The Pirates aren’t interesting anymore. They’ve ceased to capture my attention. They’re nearly impossible to write about unless you’re rehashing your take on a derivative story line. “What’s missing from the Pirates?” “Where will they find their upgrades?” “Why does ownership suck, so hard?” We’ve reached the point in the season where we’ve called out to the lord and savior Mark Cuban to kick the tires on how interested he is in buying the team. He isn’t and won’t be. The team follows the same annual cycles. Ok start, poor May, strong June and sometimes July. Tank in August and September. This year they fell off a little early, but couldn’t even make being a clear seller at the deadline for the first time in roughly eight years a story.
I want to start by saying that my interest in a team doesn’t depend on winning or losing. I think the term fair weather fan is an oxymoron. If you punt on your team when they struggle, you’re not much of a supporter. I would prefer the Pirates to win, but they kept my attention for years in the tank.
In my opinion, Bob Nutting has built an organization in his own image. No, not cheap or shrewd. Boring. If anyone has ever seen the Bucco’s primary owner speak publicly for more than two or three minutes, Nutting is as dull as you would expect a man who built his empire on small metropolitan newspapers to be. It’s not a business for forward looking people. It’s an industry that has demonstrated little vision to adapt to changing times profitably. Buying up businesses, regardless of the industry, demonstrates deeper pockets and a greater predilection for low risk investment than visionary leadership.
Let’s make something clear. The Pirates cannot be expected to invest in winning the way a team like Dodgers, Yankees or even the Cardinals can hope to. St. Louis is in a similar market to the Pirates but enjoy a broader regional interest than other midsized TV markets. The Pirates have performed poorly at the gates and the TV contract isn’t much better despite good ratings within the market.
In order to be successful, the Pirates do need good players, but they also need strong organizational philosophies to keep them ahead of the pack. During their peak years under Neal Huntington’s tenure as general manager, the Pirates took defensive shifts to a whole new level and made pitch framing a common evaluation tool for catchers. In the last four years, they’ve gone from leader to follower. They were a couple years behind the curve in embracing launch angles, past the point where they could inexpensively exploit the market for players who could benefit most from some mechanical changes.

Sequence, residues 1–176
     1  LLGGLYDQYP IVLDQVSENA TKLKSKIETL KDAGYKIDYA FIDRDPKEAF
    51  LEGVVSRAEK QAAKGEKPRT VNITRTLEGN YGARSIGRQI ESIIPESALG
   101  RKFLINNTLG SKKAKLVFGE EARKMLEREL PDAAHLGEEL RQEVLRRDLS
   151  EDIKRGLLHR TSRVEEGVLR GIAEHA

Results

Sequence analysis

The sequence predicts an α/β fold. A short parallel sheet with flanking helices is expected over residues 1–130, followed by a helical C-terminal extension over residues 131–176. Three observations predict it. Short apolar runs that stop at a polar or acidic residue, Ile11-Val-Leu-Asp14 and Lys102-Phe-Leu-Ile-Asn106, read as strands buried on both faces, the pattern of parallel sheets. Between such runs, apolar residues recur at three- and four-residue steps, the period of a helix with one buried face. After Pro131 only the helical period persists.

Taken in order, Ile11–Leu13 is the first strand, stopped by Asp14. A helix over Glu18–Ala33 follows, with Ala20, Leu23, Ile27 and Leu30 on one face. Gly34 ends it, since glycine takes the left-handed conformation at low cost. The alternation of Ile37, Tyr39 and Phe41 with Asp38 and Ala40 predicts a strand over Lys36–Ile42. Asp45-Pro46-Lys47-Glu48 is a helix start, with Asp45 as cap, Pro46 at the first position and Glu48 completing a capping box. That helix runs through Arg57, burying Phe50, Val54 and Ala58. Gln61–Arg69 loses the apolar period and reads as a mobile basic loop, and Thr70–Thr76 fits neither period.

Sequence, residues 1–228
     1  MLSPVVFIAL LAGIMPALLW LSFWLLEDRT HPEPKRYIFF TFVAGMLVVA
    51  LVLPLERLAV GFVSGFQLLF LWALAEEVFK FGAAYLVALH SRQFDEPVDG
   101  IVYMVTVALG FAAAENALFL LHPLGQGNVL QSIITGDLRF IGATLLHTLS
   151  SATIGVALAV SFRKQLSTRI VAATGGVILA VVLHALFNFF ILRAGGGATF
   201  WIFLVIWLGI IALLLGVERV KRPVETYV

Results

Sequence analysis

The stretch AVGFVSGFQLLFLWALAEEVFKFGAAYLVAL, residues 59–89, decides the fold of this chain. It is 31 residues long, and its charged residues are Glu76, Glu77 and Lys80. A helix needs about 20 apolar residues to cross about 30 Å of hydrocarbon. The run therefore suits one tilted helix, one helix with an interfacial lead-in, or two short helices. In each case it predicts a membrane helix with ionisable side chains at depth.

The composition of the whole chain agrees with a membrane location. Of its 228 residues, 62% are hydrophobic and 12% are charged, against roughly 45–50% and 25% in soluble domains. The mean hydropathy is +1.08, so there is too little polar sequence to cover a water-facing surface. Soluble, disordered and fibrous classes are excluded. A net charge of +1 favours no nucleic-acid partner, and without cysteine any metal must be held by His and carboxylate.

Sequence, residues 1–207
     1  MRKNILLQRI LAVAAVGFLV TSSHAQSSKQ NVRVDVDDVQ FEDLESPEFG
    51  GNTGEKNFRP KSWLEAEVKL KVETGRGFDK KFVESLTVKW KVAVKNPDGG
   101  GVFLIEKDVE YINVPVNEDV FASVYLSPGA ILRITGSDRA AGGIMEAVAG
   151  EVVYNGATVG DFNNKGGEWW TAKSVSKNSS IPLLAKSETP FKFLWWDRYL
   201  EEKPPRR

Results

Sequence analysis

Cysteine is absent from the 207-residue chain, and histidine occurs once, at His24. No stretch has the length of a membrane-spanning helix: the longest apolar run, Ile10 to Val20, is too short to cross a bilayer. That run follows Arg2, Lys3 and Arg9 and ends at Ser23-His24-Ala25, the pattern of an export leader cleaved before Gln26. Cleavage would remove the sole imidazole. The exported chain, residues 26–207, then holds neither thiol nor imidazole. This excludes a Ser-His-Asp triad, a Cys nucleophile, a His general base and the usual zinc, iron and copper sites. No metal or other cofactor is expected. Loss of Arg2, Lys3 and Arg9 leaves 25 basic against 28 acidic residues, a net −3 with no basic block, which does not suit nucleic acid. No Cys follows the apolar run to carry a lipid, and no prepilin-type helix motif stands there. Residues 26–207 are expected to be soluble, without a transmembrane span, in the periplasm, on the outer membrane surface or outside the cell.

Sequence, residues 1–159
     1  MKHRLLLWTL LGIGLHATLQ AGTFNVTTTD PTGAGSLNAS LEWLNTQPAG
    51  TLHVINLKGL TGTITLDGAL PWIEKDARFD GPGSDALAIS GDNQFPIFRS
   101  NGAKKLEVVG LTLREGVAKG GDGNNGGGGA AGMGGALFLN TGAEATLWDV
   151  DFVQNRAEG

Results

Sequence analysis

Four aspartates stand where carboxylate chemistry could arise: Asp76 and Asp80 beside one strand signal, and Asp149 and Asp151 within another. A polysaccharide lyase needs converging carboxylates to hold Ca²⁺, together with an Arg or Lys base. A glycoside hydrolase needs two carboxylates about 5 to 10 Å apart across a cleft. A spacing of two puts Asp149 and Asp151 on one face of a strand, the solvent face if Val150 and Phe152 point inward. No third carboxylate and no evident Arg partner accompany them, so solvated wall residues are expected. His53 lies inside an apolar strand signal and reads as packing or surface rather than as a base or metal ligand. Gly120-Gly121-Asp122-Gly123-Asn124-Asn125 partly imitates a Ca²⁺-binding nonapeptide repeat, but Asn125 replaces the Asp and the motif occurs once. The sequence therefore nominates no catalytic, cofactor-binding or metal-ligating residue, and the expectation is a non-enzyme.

Instead, they continue to force what worked before. They still emphasize heavy fastball usage despite watching three pitchers in their organization, Charlie Morton, Gerrit Cole and Tyler Glasnow move on to tremendous, more consistent success by working in their breaking pitches more frequently. Teams have learned to hit over the shift and yet the one prospect the Pirates returned this year at the trade deadline is known primarily for his AA groundball rate.
The Pirates don’t seem to have a direction and drifting listlessly somewhere between mediocrity and loser denial just has lost its appeal for me. People, myself included, have set up a false dichotomy where the Pirates need to go balls to the wall to contend or they should just blow the damn thing up! If they were going to rebuild, we would have seen more action at the trade deadline. If they were going to spend, they’d have backed up their aggressive 2018 deadline with another strong move or two in the offseason. The front office has chosen a middle path where they try to keep the still relatively young, controllable core together and see what happens. This is a direction, it’s just not a very dramatic direction. It’s not proactive and it relies too much on getting lucky. They nearly did this season with the emergence of Josh Bell, but bad luck in the form of injuries struck as well.
It’s tinkering rather than retooling and very rarely has Huntington managed to tinker successfully. Often times, he’s shed unproven prospects with limited upside for players with limited upside who have proven they are worth very little at the major league level. In the short run, you don’t notice making a series of poor small bets, but the impact in the longer term can be notable. Not to mention, he’s trading interesting players we’ve followed for years in the minor leagues for uninteresting AAAA lifers.
While I’ve long been a supportive of Huntington and celebrate his successes, I think he has run his course building this franchise. If he and his staff had anything else to bring to the table, they would have by now. They lack strong vision at this point that will drive the Pirates to success. It’s time for a new direction, but it likely won’t happen. Why? Because Bob Nutting is boring and risk averse. The Pirates could do better than Neal Huntington, but they could do worse as well. The owner has to be concerned with the damage a rebuild could cause with already an already insecure, fan base.
I won’t quit on the Pirates ever. I’m either too stupid or stubborn to, but it’s getting more difficult for even a die hard baseball dork like myself to stay engaged. I can take losing, and I would happily accept three years of suck if the club committed to a rebuild around some new front office exploiting a new market inefficiency. Maybe Huntington and company’s boring middle path will work. While I don’t like it, I have no idea how it’ll turn out. Until I do, I guess it’s boredom to maintain my fandom.